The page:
WASHINGTON - A powerful storm with pounding rains and high winds roared up the U.S. East Coast on Monday, threatening travel for millions, after killing at least 20 people in the South and flattening a mobile home park in southwest Georgia.
About 570 U.S. flights were canceled, with Newark Liberty International Airport in New Jersey the hardest-hit U.S. airport. About 10 percent of its flights were canceled, according to the air traffic website FlightAware.
New York City emergency management officials warned winds could reach 60 miles per hour (97 km per hour) through Monday night, with more than 3 inches (7.5 cm) of rain possible. Flood advisories and watches were issued for much of the region.
Roads turn dangerous due to snow
Northern Pennsylvania and parts of New England were expected to get more than 6 inches (15 cm) of wet snow, producing dangerously slick roads. Winds topping 50 mph (80 kph) could whip the East Coast from Delaware to eastern Maine.
The National Weather Service said the front would reach the Middle Atlantic coast by Monday evening. A flood warning was in place for part of southwestern Virginia, and a high wind advisory was put out for western North Carolina.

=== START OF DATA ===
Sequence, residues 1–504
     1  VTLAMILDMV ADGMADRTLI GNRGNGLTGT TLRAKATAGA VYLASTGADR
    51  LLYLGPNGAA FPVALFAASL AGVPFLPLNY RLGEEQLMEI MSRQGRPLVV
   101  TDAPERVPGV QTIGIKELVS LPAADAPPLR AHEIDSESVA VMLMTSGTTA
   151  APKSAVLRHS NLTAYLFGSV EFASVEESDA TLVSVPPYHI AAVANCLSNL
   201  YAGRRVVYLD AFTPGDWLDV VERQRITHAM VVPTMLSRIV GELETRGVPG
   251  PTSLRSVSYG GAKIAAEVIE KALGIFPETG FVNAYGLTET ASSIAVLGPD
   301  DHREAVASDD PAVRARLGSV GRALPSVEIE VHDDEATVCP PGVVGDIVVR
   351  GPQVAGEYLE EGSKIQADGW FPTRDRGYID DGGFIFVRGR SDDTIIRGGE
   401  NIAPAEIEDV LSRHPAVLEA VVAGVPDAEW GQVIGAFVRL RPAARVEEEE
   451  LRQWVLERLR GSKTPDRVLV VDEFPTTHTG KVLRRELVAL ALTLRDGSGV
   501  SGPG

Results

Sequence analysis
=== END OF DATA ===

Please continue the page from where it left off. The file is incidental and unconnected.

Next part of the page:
The rain and snow will ease a dry spell in the northeast United States, where much of the region is suffering from moderate to extreme drought, according to the U.S. Drought Monitor.
Tornadoes and storms killed 15 people over the weekend in Georgia. In Dougherty County, where at least four people died, families were separated and many people left without homes, food or hope, officials said.
Flash flood warning in California
A mobile home park was particularly hard hit.
“It literally looks like God took half of the mobile home park and threw it across the street into the woods,” Dougherty County Commission Chair Chris Cohilas said at a news conference.
Mississippi reported four dead from a tornado on Saturday, and one death was reported in northern Florida's Columbia County.
Flash flood watches were issued for southern California through late Monday, with hail and thunderstorms forecast after a Pacific storm system dropped 4 inches (10 cm) of rain on Los Angeles over three days, the NWS reported.
The agency said the system would bring heavy snow to the state's Sierra Nevada mountains and then move into the Rocky Mountains. Parts of the mountains have gotten up to 108 inches (270 cm) of snow in the last week.